NOW IN BOARD "These are my friends" "I know them, you see." "I know them quite well..." "because they live with me!" Charles Fuge's delightful rhyming text and absolutely adorable images bring to life a little girl and her charming animals as they play all day. She spins round with her hippo, blows bubbles in the bath with giraffe, and picnics ...
NOW IN BOARD "These are my friends" "I know them, you see." "I know them quite well..." "because they live with me!" Charles Fuge's delightful rhyming text and absolutely adorable images bring to life a little girl and her charming animals as they play all day. She spins round with her hippo, blows bubbles in the bath with giraffe, and picnics on brown bread and honey with her bear when it's sunny. And, did you ever meet a leopard in top hat and tail? He's simply the best, as anyone can see. It's the most delightful menagerie imaginable, and the sweetest story--with a little twist at the end.
My kids love this book! When I was expecting my first child I received this book at one of my showers and thought nothing of it. But when my daughter was about 6 months she would get so excited when we would read this to her. At 18 months her first sentence was "I know a Rhino"! That is how much she loved it. My son also has the same love for the book and it is the first one he pulls off the book case. Also, I buy it for all the expecting parents I know. It is #1 on my list!!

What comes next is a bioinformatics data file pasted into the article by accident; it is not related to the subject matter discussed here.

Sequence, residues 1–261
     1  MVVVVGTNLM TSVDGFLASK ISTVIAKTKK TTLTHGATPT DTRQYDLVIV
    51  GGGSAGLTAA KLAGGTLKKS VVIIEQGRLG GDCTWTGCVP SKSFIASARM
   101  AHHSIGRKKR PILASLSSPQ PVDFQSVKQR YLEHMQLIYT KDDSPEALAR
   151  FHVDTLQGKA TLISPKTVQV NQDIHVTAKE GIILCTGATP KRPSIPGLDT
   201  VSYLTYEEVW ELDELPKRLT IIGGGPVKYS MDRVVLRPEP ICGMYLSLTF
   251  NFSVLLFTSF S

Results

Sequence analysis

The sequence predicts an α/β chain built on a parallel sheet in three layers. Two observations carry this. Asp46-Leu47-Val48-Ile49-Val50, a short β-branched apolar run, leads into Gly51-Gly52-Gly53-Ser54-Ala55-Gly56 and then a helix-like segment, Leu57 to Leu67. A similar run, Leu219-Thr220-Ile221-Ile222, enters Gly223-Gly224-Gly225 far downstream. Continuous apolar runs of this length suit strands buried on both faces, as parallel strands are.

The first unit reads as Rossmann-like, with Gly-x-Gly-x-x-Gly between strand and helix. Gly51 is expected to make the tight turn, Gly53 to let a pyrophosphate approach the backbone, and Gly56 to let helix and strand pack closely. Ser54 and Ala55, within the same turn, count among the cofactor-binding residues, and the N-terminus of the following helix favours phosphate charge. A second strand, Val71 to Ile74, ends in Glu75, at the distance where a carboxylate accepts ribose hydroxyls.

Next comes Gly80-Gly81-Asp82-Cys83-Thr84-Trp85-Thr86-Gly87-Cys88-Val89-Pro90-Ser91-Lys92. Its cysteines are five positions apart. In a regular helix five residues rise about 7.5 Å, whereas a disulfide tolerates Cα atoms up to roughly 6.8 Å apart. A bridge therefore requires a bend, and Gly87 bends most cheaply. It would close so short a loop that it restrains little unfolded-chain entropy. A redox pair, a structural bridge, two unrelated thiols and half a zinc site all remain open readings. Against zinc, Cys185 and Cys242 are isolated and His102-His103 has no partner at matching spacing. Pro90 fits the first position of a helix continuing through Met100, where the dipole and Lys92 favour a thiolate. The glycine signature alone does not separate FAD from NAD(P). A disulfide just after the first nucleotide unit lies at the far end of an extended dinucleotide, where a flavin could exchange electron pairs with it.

Publishers Weekly, 2002-09-09 A spunky preschooler proves she's learned an important life lesson: it's who you know that counts. "I know a Rhino/ We like to take tea," she informs readers, as the huge horned beast daintily pours out a pot and a tiny stool collapses beneath his weight. "I have two sugars/ and Rhino has three." The seven other animals making up her unusual circle include an illness-prone dragon and a leopard with a penchant for formal wear. What's more, as the narrator reveals in the final page, the members of this motley menagerie aren't mere acquaintances; all of them "live with me!" (as beloved stuffed toys that the girl snuggles with as she sleeps). While not quite up to the unfettered goofiness of his Sometimes I Like to Curl Up Like a Ball, Fuge still conveys humor and good cheer with full-bleed spreads that capitalize on the animals' various attributes (one turns vertical when the girl introduces a bubble-bath loving giraffe). He furnishes the stage-like scenes with minimal bright, monochromatic backdrops, keeping the focus on the animal guests' often overwhelming size and elaborate texture. Rhino's portrait, for example, emphasizes the folds of ample flesh that hang over its ribs. Preschoolers will delight in the zoologically incorrect situations put forth by the pert heroine. Ages 3-6. (Oct.) Copyright 2002 Cahners Business Information.
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